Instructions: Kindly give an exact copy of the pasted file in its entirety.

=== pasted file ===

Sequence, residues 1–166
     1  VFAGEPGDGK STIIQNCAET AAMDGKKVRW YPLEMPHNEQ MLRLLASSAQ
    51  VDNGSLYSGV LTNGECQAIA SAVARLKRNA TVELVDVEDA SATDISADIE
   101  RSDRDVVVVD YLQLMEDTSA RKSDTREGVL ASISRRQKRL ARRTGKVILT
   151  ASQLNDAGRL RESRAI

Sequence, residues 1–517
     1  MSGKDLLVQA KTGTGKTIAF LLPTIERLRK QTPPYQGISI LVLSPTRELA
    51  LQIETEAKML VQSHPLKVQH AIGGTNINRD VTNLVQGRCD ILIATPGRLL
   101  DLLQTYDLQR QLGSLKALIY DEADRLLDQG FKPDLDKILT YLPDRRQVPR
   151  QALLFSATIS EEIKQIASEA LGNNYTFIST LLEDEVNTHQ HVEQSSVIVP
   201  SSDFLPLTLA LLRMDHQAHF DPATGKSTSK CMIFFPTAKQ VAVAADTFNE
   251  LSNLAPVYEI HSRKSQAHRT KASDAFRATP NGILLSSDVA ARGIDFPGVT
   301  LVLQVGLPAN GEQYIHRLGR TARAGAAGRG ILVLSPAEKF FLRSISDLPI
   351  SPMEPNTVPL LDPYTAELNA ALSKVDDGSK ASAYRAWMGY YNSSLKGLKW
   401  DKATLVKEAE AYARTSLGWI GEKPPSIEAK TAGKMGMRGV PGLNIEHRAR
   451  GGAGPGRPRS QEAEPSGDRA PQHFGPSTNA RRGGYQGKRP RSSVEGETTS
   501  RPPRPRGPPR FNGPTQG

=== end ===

Sequence, residues 1–166
     1  VFAGEPGDGK STIIQNCAET AAMDGKKVRW YPLEMPHNEQ MLRLLASSAQ
    51  VDNGSLYSGV LTNGECQAIA SAVARLKRNA TVELVDVEDA SATDISADIE
   101  RSDRDVVVVD YLQLMEDTSA RKSDTREGVL ASISRRQKRL ARRTGKVILT
   151  ASQLNDAGRL RESRAI

Sequence, residues 1–517
     1  MSGKDLLVQA KTGTGKTIAF LLPTIERLRK QTPPYQGISI LVLSPTRELA
    51  LQIETEAKML VQSHPLKVQH AIGGTNINRD VTNLVQGRCD ILIATPGRLL
   101  DLLQTYDLQR QLGSLKALIY DEADRLLDQG FKPDLDKILT YLPDRRQVPR
   151  QALLFSATIS EEIKQIASEA LGNNYTFIST LLEDEVNTHQ HVEQSSVIVP
   201  SSDFLPLTLA LLRMDHQAHF DPATGKSTSK CMIFFPTAKQ VAVAADTFNE
   251  LSNLAPVYEI HSRKSQAHRT KASDAFRATP NGILLSSDVA ARGIDFPGVT
   301  LVLQVGLPAN GEQYIHRLGR TARAGAAGRG ILVLSPAEKF FLRSISDLPI
   351  SPMEPNTVPL LDPYTAELNA ALSKVDDGSK ASAYRAWMGY YNSSLKGLKW
   401  DKATLVKEAE AYARTSLGWI GEKPPSIEAK TAGKMGMRGV PGLNIEHRAR
   451  GGAGPGRPRS QEAEPSGDRA PQHFGPSTNA RRGGYQGKRP RSSVEGETTS
   501  RPPRPRGPPR FNGPTQG